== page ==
It was rolling along as most conference calls with Billy Packer do -- ask a question, brace for a lot of listening. Then, Packer was asked about a report that this weekend's Final Four, the 34th of his career, might be his last.
"When I do my game, the last game, the last game will be like that first one," the CBS analyst said tersely. "I'll put a headset on, I'll take a headset off. It will be what it is."
And that was it.
It was a cryptic response, open to more than one interpretation, but not unprecedented for Packer.
"He has given that answer in other years," said Leslie- Anne Wade, CBS Sports senior vice president of communications. "We do not have an announcement planned for Monday."
Packer was more effusive when asked about UCLA, which plays Memphis at 3 p.m. on Saturday in the first of two semifinal games. In the second game, the Roy Williams Testimonial, North Carolina plays Kansas. The winners meet for the championship at 6 p.m. Monday.
When Ben Howland took over as UCLA coach in 2003, Packer said, "he inherited a program that was relatively soft in the way that they approached the game. He imposed his will and style on it and has recruited around that.
"And I think that the kids he has now are really tough. They play tough and I think more so now that, let's say, that they have a big man and everybody in the country would love to have [Kevin] Love as their center. But I think the main thing you think about, even as great as Kevin has been, is their intensity defensively and how they play and not stepping back in any phase, as opposed to the finesse and incredible flexibility of UCLA under John Wooden.
"I'm not saying they didn't play great defense, because obviously they were phenomenal. But I think there is more of a difference in style than 'We now have a big man.' You never saw Bill Walton or Kareem [Abdul-Jabbar] step outside and make those kind of passes or basically step outside and take jump shots. I think it was very different to what we're looking at right now."
But Love is not the key to the Bruins breaking through to a championship in San Antonio, Packer said.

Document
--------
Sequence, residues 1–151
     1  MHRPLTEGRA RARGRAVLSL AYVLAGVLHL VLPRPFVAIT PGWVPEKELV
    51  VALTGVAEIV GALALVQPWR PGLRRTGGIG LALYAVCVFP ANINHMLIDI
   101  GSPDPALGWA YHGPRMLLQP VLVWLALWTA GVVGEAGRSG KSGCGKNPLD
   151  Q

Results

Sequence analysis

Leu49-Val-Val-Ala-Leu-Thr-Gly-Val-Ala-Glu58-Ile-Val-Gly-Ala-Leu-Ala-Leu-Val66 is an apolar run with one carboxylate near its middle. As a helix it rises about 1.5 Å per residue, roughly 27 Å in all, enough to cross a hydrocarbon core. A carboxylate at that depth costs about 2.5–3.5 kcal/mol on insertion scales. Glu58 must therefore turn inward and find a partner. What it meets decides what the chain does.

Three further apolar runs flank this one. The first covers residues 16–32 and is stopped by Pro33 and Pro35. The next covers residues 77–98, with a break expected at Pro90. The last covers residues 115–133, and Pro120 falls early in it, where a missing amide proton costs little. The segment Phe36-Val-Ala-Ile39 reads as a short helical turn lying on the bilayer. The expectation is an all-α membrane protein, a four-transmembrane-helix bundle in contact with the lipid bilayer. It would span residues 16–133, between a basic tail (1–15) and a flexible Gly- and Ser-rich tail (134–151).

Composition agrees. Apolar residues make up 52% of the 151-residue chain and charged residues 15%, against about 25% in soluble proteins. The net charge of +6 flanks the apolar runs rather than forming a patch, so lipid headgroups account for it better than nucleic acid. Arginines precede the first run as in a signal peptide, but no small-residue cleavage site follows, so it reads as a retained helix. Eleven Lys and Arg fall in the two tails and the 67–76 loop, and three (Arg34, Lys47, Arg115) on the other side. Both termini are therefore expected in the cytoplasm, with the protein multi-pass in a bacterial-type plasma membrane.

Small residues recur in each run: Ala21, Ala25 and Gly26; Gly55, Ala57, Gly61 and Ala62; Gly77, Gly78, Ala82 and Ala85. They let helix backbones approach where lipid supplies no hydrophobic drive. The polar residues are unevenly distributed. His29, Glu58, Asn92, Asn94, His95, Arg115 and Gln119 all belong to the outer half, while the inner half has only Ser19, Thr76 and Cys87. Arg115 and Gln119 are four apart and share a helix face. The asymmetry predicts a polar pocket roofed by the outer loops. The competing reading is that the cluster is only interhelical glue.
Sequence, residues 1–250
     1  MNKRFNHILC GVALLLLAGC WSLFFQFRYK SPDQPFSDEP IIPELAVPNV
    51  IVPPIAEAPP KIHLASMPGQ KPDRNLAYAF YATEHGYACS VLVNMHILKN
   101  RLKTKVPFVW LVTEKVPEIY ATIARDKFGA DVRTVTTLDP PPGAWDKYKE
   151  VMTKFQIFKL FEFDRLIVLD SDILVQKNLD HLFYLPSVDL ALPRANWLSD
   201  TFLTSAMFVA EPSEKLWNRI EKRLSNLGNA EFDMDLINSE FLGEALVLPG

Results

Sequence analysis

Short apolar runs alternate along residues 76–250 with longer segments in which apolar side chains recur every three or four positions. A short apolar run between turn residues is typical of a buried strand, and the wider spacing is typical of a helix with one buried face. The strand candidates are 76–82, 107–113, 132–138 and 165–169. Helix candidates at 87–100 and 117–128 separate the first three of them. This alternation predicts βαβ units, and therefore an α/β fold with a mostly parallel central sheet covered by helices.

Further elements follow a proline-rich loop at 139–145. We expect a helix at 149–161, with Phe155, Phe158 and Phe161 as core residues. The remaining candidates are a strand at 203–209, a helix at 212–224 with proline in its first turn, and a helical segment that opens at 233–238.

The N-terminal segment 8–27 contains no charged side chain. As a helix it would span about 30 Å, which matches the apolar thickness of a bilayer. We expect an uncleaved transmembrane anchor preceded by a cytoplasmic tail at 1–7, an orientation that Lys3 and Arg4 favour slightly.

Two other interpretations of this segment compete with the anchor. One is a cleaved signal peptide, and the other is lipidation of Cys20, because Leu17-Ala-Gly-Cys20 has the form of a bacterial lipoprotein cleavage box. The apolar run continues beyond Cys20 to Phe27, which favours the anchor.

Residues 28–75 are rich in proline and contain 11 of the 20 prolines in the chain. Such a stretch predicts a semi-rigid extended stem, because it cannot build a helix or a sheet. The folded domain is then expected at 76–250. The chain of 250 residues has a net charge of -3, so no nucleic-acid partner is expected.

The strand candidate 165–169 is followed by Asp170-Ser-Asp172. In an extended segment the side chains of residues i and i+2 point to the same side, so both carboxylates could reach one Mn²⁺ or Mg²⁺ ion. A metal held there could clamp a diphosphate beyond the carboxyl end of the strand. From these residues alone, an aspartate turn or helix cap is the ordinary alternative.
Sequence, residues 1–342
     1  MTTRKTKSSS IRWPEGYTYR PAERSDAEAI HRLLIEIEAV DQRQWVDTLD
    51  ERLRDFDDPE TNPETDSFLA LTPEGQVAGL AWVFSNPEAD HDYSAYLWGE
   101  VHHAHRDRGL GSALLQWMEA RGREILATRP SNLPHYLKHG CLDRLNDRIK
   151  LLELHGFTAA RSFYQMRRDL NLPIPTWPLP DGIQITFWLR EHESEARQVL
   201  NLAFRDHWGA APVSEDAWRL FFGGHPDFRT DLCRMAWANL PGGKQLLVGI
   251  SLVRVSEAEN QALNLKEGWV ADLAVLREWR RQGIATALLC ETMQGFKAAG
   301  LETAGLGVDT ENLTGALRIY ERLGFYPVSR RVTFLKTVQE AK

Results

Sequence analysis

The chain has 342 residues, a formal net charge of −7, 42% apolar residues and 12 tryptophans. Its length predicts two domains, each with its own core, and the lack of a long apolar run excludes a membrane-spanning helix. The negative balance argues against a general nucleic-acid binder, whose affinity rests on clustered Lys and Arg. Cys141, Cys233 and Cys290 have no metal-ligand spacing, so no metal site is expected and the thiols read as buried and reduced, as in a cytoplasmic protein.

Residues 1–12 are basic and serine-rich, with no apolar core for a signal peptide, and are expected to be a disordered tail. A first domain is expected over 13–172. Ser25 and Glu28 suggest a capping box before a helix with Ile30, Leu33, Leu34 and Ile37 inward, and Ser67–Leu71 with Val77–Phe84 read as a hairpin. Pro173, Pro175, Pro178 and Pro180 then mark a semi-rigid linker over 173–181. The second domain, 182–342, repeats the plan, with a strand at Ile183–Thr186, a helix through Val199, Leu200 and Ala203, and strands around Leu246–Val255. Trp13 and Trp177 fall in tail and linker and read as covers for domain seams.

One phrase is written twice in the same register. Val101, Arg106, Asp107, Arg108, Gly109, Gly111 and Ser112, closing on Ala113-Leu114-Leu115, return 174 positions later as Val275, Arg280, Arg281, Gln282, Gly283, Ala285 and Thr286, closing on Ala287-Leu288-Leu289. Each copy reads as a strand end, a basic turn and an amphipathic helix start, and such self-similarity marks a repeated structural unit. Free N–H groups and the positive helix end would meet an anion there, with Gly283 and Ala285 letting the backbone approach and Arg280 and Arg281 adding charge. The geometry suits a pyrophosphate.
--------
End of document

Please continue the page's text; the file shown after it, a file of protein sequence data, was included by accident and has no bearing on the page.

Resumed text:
"The key will be that Josh Shipp scores in double figures in both games," Packer said. "Because against this type of competition, they've got to get another scorer, and in my estimation he's got to be the guy."
Also available for viewing this weekend:
Dodgers at San Diego Padres (tonight, 7, Channel 9; Saturday. 12:45 p.m., Channel 11; Sunday, 1 p.m., Channel 9): After Wednesday's rain-delayed home loss to San Francisco, the Dodgers head south to Petco Park. There it often rains on the Dodgers in the figurative sense.
Texas Rangers at Angels (tonight, 7, Prime; Saturday, 6 p.m., FSNW; Sunday, 12:30 p.m., Channel 13): The Angels open their home schedule with three games on three TV channels. The Angels might be home, but they continue to travel all over the place.
Women's Final Four (Sunday, 4 p.m., ESPN): Both semifinal games are rematches -- Connecticut (36-1) trying to duplicate a November triumph over Stanford (34-3), followed by SEC rivals Louisiana State (31-5) and Tennessee (34-2), who split their two meetings this season. Tennessee's bid to successfully defend its title depends on All-American Candace Parker, who dislocated her shoulder in the first half of the Lady Vols' regional final win over Texas A&M, remarkably returned to play in the second half and was cleared Thursday to play this weekend.
Ducks at Kings (Saturday, 1 p.m., FSNW): The Kings end their season the way they started it -- against the Ducks, though far removed from London and any of the optimism they might have had last fall. The game marks a sign-of-the-times juncture for both teams: The Kings, wrapping up another dismal season, are now tied for the worst record in the league, and the Ducks are readying themselves for another playoff run.